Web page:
proteomics

Viewing posts tagged proteomics

Data suggest a unique inflammatory signature associated with severe COVID19

The COVID19 pandemic will cause more than a million of deaths worldwide, primarily due to complications from acute respiratory distress syndrome (ARDS). Controversy surrounds the current cytokine/chemokine profile of COVID19-associated ARDS, with some groups suggesting that it is similar to non-COVID19 ARDS patients and others observing substantial differences. Balnis et. al. conducted a study of 41 mechanically ventilated patients with COVID19 infection using highly calibrated methods to define the levels of plasma cytokines/chemokines. Plasma IL1RA and IL8 were found positively associated with mortality, while RANTES and EGF negatively associated with that outcome. However, the leukocyte gene expression of these proteins had no significant correlation with mortality. Their data suggest a unique inflammatory signature associated with severe COVID19.

Read the article: Unique inflammatory profile is associated with higher SARS-CoV-2 acute respiratory distress syndrome (ARDS) mortality

Biologically relevant proteins in Alzheimer’s Disease

Proteomic analysis of cerebrospinal fluid (CSF) holds great promise in understanding the progression of neurodegenerative diseases, including Alzheimer’s disease (AD). As one of the primary reservoirs of neuronal biomolecules, CSF provides a window into the biochemical and cellular aspects of the neurological environment. Using mass spectrometry technologies, McKetney et. al. quantified 700 proteins across 10 pairs of age- and sex-matched participants. Using the paired structure, they identified a small group of biologically relevant proteins that show substantial changes in abundance between normal and AD participants. These findings suggest the utility of fractionating a single sample and using matching to increase proteomic depth in CSF.

Read the article: Pilot Proteomic Analysis of Cerebrospinal Fluid in Alzheimer’s Disease. Proteomics Clinical Applications.

Achieving a simplified, multi-omics workflow

An article by Yuchen He et. al. titled “Multi-omic Single-Shot Technology for Integrated Proteome and Lipidome Analysis” was recently published as one of the cover stories in Analytical Chemistry.

This article describes a technology to achieve broad and deep coverage of multiple molecular classes simultaneously through Multi-omics (proteome, lipidome, and metabolome) single-shot technology (MOST), requiring only one column, one LC-MS instrument, and a simplified workflow.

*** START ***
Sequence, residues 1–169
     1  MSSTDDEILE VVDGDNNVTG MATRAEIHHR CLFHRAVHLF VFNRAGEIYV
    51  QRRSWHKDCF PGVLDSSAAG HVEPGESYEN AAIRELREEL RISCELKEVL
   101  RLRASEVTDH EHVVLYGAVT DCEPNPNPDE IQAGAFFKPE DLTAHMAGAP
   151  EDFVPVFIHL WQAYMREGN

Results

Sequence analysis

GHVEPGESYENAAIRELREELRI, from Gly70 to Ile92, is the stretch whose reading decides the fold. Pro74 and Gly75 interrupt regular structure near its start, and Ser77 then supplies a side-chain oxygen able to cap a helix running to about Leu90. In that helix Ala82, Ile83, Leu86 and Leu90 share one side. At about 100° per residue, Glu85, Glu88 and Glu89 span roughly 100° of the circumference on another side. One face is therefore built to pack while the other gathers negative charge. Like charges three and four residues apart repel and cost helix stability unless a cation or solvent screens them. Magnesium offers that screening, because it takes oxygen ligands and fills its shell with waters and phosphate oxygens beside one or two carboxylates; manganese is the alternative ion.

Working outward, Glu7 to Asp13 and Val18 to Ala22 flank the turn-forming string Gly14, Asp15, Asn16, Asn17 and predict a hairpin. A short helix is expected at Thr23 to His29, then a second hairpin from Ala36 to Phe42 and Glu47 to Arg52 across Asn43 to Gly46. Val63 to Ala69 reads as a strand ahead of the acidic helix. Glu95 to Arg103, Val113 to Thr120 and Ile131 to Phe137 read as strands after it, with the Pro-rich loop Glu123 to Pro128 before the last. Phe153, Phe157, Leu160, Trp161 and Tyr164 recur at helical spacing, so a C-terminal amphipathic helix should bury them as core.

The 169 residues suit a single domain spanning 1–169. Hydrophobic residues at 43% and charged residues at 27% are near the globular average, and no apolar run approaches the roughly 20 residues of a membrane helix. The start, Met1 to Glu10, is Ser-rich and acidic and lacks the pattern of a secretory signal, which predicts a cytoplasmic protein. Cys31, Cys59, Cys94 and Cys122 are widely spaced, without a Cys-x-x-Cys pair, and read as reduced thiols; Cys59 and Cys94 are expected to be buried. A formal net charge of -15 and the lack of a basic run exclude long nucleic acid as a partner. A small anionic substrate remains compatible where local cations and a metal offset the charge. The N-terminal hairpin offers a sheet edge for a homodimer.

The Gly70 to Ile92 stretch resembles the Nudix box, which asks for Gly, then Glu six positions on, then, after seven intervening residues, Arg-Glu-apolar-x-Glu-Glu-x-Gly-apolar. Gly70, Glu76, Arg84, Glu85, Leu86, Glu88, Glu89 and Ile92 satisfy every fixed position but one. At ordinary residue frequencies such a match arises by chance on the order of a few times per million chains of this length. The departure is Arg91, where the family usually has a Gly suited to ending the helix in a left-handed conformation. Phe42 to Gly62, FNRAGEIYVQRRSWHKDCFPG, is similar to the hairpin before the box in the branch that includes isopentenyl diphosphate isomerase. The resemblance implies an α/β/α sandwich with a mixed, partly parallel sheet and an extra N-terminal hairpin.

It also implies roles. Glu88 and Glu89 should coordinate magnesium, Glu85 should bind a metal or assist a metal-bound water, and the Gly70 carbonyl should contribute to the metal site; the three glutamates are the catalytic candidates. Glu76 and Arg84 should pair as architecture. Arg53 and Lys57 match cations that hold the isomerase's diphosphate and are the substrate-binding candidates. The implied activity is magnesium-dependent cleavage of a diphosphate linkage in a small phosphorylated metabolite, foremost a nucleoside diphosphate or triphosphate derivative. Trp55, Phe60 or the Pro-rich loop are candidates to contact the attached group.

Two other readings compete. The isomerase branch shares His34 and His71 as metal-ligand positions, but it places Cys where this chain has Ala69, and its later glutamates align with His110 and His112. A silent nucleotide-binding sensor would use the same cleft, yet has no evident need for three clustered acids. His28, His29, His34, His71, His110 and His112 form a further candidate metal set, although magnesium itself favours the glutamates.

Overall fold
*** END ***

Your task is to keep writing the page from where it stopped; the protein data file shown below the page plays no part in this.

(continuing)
Adding FAIMS to the phosphoproteomic workflow

Mass spectrometry is the premier tool for identifying and quantifying protein phosphorylation on a global scale. Analysis of phosphopeptides requires enrichment, and even after the samples remain highly complex and exhibit a broad dynamic range of abundance. A recent publication by Muehlbauer et. al. found that incorporating a commercialized aerodynamic high-field asymmetric waveform ion mobility spectrometry (FAIMS) device into the phosphoproteomic workflow was a valuable addition with greater benefits emerging from longer analyses and higher amounts of material.

Read the article, Global Phosphoproteome Analysis Using High-Field Asymmetric Waveform Ion Mobility Spectrometry on a Hybrid Orbitrap Mass Spectrometer.

Recent publication highlights phosphoproteome analysis using FAIMS

Mass spectrometry is the premier tool for identifying and quantifying protein phosphorylation. Analysis of phosphopeptides requires enrichment, and even after that step, the samples remain highly complex and exhibit broad dynamic range of abundance. In a recent publication, Muehlbauer et al. describe a method for integrating a high-field asymmetric waveform ion mobility spectrometry (FAIMS) device into the workflow. The data collected with FAIMS yielded a 26% increase in total reproducible measurements, leading researchers to conclude that the new FAIMS technology is a valuable addition to any phosphoproteomic workflow, with greater benefits emerging from longer analyses and higher amounts of material.